Mortgage applications for purchasing newly built homes fell for the second consecutive month in December, according to a Mortgage Bankers Association survey of homebuilders with lending subsidiaries.
The MBA reported Thursday morning that purchase mortgage applications fell 11% in December following an 18% decline in the prior month.
Based on this non-seasonally adjusted index, MBA economists estimate sales of new single-family homes were running at a seasonally adjusted annual rate of 402,000 in December. The latest report by the Census Bureau showed that new homes were being sold at a seasonally adjusted annual rate of 464,000 in November.
Also on Thursday, the National Association of Home Builders reported that its survey of builder confidence slipped one notch from December to 57 in January.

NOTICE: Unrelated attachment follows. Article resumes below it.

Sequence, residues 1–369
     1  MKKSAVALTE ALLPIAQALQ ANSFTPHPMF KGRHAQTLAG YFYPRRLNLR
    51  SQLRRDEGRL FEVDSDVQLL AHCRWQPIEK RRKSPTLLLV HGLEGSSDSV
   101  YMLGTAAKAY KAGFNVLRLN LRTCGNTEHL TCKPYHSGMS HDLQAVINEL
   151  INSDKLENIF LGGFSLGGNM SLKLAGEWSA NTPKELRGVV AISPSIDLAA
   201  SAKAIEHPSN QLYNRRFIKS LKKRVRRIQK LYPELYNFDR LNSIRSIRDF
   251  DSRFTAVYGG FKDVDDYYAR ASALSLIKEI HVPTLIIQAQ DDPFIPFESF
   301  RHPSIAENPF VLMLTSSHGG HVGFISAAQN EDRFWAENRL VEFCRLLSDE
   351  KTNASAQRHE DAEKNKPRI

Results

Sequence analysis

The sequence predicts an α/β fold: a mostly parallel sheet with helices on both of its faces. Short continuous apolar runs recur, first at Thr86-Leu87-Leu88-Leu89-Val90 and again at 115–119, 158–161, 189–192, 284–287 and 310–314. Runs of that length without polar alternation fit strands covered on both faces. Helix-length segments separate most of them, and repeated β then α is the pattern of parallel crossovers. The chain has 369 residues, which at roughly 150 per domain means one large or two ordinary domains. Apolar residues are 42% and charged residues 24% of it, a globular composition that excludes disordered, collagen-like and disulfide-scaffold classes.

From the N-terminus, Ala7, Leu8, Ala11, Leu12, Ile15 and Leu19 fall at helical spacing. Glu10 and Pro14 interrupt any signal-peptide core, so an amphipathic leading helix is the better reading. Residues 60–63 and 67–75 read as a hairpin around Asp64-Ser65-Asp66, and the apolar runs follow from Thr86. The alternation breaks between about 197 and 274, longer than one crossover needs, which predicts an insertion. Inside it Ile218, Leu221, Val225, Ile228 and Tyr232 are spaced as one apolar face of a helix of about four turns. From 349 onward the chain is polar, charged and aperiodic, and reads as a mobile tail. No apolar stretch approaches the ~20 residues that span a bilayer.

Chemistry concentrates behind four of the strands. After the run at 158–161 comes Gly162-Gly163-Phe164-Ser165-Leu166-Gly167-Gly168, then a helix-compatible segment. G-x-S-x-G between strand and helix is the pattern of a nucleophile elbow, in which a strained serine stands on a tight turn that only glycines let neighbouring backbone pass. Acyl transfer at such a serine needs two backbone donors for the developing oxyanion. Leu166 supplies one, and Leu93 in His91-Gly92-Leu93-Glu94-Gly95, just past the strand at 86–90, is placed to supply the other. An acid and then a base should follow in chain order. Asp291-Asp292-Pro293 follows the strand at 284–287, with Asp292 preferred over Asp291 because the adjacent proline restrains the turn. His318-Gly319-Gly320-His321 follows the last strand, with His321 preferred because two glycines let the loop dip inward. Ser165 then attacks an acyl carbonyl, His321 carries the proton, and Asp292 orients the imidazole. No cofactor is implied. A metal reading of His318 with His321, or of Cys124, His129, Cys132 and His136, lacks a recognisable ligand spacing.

The NAHB/Wells Fargo Housing Market Index has been above 50 for the past eight months. (A reading above 50 means that more builders view conditions as good as opposed to bad.)
“Rising home prices, historically low mortgage rates and significant pent-up demand will drive a continuing, gradual recovery in the year ahead,” said NAHB chief economist David Crowe. “However, the pace of the recovery could be stronger were it not for rising construction costs and inaccurate appraisals that are keeping some home sales from going through.”
NAHB economists have forecast that new homes sales will total 607,000 in 2014, up 40% from last year.